DAMASCUS — The Syrian government accused rebels of using chemical weapons Saturday and warned the United States not to launch any military action against Damascus over an alleged chemical attack last week, saying such a move would set the Middle East ablaze.
The accusations by the regime of President Bashar Assad against opposition forces came as an international aid group said it has tallied 355 deaths from a purported chemical weapons attack on Wednesday in a suburb of the Syrian capital known as Ghouta.
Syria is intertwined in alliances with Iran, Lebanese Hezbollah guerrillas, and Palestinian militant groups. The country also borders its longtime foe and US ally Israel, making the fallout from military action unpredictable.
Violence in Syria has already spilled over the past year to Lebanon, Turkey, Iraq, and the Israeli-occupied Golan Heights. Battle-hardened Hezbollah fighters have joined the combat alongside Assad’s forces.
Meanwhile, US naval units are moving closer to Syria as President Obama considers a military response to the alleged use of chemical weapons by Assad’s government.
US defense officials told the Associated Press that the Navy had sent a fourth warship armed with ballistic missiles into the eastern Mediterranean Sea but without immediate orders for any missile launch into Syria. The officials spoke on condition of anonymity because they weren’t authorized to discuss ship movements publicly.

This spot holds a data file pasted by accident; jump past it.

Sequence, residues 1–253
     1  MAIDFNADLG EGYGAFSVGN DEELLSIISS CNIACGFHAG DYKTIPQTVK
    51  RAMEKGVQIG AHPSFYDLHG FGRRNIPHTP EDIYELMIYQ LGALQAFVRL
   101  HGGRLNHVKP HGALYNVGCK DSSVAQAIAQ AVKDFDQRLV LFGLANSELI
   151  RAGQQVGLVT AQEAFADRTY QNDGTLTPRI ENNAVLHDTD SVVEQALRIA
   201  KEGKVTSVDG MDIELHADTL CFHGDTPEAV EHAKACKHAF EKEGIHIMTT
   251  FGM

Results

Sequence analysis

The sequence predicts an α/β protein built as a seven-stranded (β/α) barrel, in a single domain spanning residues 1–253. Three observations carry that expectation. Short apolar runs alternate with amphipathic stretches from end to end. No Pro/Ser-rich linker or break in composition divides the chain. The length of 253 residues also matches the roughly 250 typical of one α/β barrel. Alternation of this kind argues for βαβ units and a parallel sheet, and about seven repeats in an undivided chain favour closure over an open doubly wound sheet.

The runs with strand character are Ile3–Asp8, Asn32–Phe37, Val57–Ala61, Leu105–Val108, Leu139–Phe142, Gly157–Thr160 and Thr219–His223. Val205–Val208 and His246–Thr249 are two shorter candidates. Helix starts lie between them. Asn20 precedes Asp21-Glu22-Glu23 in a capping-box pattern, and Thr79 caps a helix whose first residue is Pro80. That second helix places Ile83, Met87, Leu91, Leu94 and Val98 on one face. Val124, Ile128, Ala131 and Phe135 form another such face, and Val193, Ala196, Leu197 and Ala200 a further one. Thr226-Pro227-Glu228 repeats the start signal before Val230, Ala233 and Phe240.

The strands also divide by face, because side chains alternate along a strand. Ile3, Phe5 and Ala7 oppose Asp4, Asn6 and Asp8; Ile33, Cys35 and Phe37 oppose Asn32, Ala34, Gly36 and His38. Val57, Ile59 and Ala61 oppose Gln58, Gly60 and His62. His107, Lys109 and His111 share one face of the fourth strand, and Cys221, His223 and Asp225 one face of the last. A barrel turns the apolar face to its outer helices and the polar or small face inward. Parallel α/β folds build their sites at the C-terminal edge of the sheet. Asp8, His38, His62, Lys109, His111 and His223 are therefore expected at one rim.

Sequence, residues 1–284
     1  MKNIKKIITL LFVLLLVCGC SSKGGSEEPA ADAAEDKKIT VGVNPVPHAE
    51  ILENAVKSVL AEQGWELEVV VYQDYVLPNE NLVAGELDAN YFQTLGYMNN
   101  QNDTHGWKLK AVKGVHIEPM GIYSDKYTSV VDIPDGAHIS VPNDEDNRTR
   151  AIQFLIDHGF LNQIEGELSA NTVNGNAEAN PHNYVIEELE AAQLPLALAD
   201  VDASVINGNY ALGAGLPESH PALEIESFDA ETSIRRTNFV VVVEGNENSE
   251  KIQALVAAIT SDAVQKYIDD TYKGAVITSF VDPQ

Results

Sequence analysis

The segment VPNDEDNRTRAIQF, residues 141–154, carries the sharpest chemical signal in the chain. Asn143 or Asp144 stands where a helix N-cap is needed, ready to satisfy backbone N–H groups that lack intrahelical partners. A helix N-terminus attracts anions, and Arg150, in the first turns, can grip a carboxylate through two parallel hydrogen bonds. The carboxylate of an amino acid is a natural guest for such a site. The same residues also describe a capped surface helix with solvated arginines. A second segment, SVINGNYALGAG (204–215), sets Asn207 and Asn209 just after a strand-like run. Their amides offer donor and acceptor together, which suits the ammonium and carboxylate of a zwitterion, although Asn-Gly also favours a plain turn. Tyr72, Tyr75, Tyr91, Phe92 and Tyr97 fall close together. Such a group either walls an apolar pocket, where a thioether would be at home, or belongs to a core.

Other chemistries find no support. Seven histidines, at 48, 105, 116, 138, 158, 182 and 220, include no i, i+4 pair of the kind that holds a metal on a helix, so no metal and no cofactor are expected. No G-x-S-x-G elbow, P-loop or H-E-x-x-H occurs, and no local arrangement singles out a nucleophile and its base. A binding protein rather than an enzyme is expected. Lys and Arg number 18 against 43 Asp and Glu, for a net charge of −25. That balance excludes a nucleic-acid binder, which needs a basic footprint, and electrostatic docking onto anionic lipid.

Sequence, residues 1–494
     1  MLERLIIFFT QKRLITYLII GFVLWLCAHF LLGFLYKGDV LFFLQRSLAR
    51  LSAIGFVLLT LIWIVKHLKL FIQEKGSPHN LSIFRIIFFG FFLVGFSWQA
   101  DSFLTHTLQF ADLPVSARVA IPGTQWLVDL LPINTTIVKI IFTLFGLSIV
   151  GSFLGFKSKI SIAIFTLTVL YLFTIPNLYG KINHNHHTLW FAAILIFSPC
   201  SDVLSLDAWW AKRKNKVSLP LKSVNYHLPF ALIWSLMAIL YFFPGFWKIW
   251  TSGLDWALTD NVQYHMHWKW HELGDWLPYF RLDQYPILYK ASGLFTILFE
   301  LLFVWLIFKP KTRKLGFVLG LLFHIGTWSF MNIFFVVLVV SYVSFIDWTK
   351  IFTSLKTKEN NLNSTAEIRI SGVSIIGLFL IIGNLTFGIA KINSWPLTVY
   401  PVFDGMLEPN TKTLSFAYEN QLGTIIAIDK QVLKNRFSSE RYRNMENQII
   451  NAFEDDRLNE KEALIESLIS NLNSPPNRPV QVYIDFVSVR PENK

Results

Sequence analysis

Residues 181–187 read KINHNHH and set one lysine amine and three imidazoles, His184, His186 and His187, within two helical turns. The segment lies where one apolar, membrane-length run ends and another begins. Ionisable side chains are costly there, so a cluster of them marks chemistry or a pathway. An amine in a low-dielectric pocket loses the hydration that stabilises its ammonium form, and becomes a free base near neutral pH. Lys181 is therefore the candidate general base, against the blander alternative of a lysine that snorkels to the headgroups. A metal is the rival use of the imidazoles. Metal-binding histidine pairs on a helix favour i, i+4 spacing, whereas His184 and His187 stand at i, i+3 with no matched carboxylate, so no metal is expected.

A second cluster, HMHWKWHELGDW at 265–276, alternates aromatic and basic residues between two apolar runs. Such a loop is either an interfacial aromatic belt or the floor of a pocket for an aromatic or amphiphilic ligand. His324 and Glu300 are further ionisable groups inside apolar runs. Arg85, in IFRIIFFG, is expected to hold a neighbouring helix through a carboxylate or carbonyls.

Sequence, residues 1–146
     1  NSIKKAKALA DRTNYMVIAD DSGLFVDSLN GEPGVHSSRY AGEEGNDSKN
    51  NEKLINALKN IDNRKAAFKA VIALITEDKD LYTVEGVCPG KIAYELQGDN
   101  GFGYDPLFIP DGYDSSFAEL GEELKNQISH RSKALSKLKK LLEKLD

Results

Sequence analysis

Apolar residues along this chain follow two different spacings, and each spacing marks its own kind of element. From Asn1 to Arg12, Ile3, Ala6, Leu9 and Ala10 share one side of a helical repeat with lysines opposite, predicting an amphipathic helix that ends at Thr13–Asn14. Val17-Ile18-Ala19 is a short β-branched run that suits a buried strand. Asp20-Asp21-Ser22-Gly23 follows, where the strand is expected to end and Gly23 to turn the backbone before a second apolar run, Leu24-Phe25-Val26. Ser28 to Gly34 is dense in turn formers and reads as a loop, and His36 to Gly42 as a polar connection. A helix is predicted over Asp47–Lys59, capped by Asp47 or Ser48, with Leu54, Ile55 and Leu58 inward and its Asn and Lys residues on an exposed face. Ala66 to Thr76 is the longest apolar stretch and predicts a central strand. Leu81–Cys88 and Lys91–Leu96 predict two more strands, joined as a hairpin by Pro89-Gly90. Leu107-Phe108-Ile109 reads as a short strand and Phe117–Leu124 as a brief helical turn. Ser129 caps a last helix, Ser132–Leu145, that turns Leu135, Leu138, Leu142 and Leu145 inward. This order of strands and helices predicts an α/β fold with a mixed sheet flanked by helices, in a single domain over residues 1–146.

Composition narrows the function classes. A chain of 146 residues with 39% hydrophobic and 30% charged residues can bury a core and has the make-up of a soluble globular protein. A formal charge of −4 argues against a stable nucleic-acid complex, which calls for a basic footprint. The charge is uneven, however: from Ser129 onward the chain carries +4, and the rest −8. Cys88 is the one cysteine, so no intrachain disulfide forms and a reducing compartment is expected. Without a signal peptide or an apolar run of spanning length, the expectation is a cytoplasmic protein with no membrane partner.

Obama emphasized that a quick intervention in the Syrian civil war was problematic, given the international considerations that should precede a military strike. He met at the White House on Saturday with his national security team to discuss the next steps in Syria.
US intelligence officials are still trying to determine whether Assad unleashed a deadly chemical weapons attack against his people earlier this week. Officials have said Obama will decide how to respond once the facts are clear.
A statement from the White House about Saturday’s meeting said Obama also received a detailed review of the range of options he has requested for the United States and its international partners if it is determined that Assad has engaged in deadly chemical warfare.
The White House said that Obama and British Prime Minister David Cameron discussed the situation in Syria by telephone Saturday.
Syria’s information minister, Omran al-Zoubi, dismissed the possibility of an American attack, warning that such a move would risk triggering more violence in the region.
‘‘The basic repercussion would be a ball of fire that would burn not only Syria but the whole Middle East,’’ Zoubi said in an interview with Lebanon-based Al-Mayadeen TV. ‘‘An attack on Syria would be no easy trip.’’
In Tehran, Iran’s Foreign Ministry spokesman, Abbas Arakji, warned that an American military intervention in Syria will ‘‘complicate matters.’’
‘‘Sending warships will not solve the problems but will worsen the situation,’’ Arakji said in comments carried by Iran’s Arabic-language TV Al-Alam. He added that any such US move does not have international backing and that Iran ‘‘rejects military solutions.’’